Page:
As for the other 'talent' named, Mitch Fifield could smug for Australia but other evidence of his ministerial talent is not overwhelming (if it is, Jason, show us where we might find it). Sophie Mirabella is prone to mad outbursts, a political accident waiting to happen. So is Guy Barnett and he's a Bible-basher - wait for Minister Barnett to put the boot into publicly-funded abortion or institutions that protect pedophiles and we'll see how much 'talent' he has. Michael Keenan and Marise Payne have about as much future beyond this election as Bob Sercombe (unless they switch to state politics, q. v.). Chris Pyne and David Fawcett come from a small state with too many ministers as it is (Federal ministers, that is), and Pyne is not a personality you put in front of swinging voters. Malcolm Turnbull has raised the media profile of national water issues, but you'd expect he'd have some other, actual achievements by now (apart from spiking the Toowoomba recycling initiative)?

It's not good enough to say the natives are restless. In fact, it's not even adequate. If you're going to do an opinion piece, don't just be a cypher. Would Australia really be governed differently with these guys up front? Would it be governed better? Why are they being paid more, to shut them up?

"[Environment Minister Ian Campbell has] gone native," said one Liberal Party insider last week. "Almost barmy. I'm expecting we'll soon have to send in the rescue team to bring him back to civilisation."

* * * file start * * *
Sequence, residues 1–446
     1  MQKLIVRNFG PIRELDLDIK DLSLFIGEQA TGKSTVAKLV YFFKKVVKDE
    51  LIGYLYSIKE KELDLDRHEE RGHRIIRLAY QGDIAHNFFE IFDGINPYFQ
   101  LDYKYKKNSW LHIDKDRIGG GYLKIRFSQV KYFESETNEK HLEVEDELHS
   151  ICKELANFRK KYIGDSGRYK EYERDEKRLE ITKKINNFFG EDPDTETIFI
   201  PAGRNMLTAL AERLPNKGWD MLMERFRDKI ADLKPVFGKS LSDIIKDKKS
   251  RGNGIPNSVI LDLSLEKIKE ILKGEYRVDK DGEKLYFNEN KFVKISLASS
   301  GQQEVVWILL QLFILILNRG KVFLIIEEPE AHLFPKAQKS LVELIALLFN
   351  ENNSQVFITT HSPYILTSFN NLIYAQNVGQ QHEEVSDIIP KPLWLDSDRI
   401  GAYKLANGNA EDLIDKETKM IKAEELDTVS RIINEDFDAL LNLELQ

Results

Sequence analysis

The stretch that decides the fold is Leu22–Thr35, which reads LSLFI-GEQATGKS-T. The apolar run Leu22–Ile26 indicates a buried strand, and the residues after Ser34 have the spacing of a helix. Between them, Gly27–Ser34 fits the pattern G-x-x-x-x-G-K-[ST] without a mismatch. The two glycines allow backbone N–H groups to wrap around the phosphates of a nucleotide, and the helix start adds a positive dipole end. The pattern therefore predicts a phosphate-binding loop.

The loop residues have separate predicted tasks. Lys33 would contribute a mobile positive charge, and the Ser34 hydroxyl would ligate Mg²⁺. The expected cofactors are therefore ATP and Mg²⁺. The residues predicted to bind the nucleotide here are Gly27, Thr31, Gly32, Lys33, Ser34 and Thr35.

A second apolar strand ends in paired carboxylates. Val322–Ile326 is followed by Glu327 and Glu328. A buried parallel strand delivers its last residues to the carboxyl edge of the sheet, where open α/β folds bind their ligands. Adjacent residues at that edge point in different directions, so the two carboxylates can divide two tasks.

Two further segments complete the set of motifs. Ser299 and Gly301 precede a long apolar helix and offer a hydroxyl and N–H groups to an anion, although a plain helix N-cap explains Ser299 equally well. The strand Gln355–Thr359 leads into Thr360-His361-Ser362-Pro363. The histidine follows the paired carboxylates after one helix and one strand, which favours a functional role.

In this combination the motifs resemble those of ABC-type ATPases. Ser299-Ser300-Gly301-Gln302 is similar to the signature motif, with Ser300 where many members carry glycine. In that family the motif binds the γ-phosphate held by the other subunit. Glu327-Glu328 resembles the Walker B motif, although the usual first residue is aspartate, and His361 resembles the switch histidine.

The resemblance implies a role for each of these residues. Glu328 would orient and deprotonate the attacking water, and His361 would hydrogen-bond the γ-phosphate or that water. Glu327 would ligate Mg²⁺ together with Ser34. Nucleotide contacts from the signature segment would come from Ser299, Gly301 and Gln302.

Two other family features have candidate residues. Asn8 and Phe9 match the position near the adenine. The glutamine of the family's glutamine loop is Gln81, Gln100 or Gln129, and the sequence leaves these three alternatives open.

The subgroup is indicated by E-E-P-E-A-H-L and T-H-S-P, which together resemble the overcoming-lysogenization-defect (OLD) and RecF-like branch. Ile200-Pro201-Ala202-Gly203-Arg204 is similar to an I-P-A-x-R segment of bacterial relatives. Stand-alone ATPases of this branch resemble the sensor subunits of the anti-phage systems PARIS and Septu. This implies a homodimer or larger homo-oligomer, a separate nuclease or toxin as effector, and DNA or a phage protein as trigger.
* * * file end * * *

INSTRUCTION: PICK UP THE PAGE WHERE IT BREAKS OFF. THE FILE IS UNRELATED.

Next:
And what would the 'rescue team' find once that happens? Real problems that Liberals prefer to gloss over, can't be arsed about, or fear having to defend in front of mining lobbyists? If this can happen to Campbell - a long-frustrated backbencher himself a few years ago - maybe it could happen to anyone in that job, except perhaps that goose from Darwin.

Health Minister Tony Abbott is clearly out of sorts and would surely benefit from a portfolio where his own personal moral beliefs did not interfere to such a degree with his day-to-day decision-making duties.

Um, like what?
  • He's not a detail man, so Attorney General, Treasury or Defence would expose his weaknesses too cruelly.

  • He's no diplomat, so no job involving foreigners: Foreign Affairs, Trade, Immigration, Defence.

His whole political position has been about social policy and its place in the culture wars, so now we see a social policy job is too much for him? If only Liberal preselectors had seen that sooner.

  • Family and Community Services? Nah, kicking Aborigines and single mothers.

  • Education? He'd get sidetracked by student politics and serious issues like trades training and scientific innovation would be too hard for the boy (then there's all that stuff about bioscience and the Vatican again!).

The Nats have got Transport to themselves. Bugger! There's only one thing to do: stick a fork in him, he's done. David Clarke won't have him in State politics and he'd consider it beneath him anyway.